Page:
- the recovery of this solvent in most viscose factories is around 50%, which means that the other half goes into the environment
- chemicals such as sodium hydroxide and sulfuric acid are also used in the viscose process
The main takeaway from this is to treat bamboo fiber and bamboo rayon differently when you are looking at your product labels.
They are not the same and should not be treated as such. The viscose process is not environmentally sound whereas mechanically produced bamboo fiber is.
A more eco-friendly alternative to bamboo rayon is lyocell bamboo.
- similar to the viscose processing procedure, with two notable differences:
- the lyocell process uses less toxic chemicals
- closed-loop manufacturing process
- meaning all liquid is recycled and all solvents are captured and removed
- considered to be eco-friendly
This process is fairly new, so not a lot of companies are currently using it.
It does, however, seem to be a better choice than viscose bamboo when looking for clothing and other items that are made with bamboo fiber.
In my opinion, mechanically produced bamboo fiber is the most eco-friendly choice.
Although this fiber does have a down-side as it is not as soft or smooth as either rayon or lyocell bamboo fiber. So softer fabric is a trade-off for a more eco-friendly method for sure.
Now, let’s turn our attention to the bamboo processing procedure for utensils, toothbrushes, straws, and items such as those.
I am going to be honest here, this information was HARD to find. I spent many a day researching what the process is, and to be honest I am disappointed at the results.
I even reached out to a couple utensil manufacturers, but unfortunately never heard back from them.
I believe this information is very important since these products are popular and are used every day, so I will share what I discovered, even if I don’t feel it is complete.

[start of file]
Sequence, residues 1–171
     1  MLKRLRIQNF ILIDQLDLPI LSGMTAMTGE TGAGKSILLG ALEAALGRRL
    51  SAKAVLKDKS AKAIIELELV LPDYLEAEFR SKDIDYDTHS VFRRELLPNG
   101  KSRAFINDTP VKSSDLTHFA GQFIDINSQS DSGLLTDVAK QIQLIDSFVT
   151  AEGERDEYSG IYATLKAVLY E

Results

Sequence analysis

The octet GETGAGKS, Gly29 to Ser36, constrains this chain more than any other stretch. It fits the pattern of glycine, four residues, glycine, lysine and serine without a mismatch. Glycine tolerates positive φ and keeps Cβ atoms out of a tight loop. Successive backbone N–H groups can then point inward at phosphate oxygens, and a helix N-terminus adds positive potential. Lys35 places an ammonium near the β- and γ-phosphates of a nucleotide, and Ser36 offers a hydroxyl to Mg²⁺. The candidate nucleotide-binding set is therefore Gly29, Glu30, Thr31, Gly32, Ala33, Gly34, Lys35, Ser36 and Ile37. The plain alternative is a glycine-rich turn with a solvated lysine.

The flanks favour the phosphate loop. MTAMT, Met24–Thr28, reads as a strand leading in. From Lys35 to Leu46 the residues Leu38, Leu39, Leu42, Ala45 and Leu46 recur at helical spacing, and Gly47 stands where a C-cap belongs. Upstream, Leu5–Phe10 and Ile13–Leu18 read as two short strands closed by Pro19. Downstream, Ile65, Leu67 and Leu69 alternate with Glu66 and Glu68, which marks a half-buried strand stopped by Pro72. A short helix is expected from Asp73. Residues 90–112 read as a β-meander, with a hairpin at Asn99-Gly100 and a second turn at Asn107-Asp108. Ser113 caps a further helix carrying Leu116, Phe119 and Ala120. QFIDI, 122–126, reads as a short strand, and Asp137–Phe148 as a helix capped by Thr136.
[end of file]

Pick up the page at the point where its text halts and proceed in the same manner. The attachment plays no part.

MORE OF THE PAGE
Bamboo Processing for Utensils
Not all bamboo utensils are created equal.
Some bamboo utensils are hand-carved from a single culm, without the use of glues and adhesives.
Other utensils are made from the bamboo fiber in which adhesives are used.
Adhesives tend to break down, meaning the product is not as high of quality as one carved from a single culm.
As well, chemical adhesives could leach into the food that is being prepared by the utensils.
My advice is to look for companies that advertise their products are carved from bamboo culms.
Product packaging that does not mention this fact is probably using adhesives. These are just my thoughts, please make the best decision for yourself.
What we have learned
Choosing bamboo products over other materials seems like a sound plan for eco-conscious consumers. It is an overall sustainable resource that should be utilized.
However, with almost any product on the market, there is a buyer beware aspect as well.
Consumers have to do their due diligence when choosing bamboo products.
As the NRDC (Natural Resources Defense Council) states:
We recommend avoiding conventional viscose bamboo, and instead seek out
mechanically processed bamboo or lyocell bamboo as a greener alternative.
If you have any questions or comments or additional information on anything bamboo, please leave them in the comment section below. I would love to hear from you!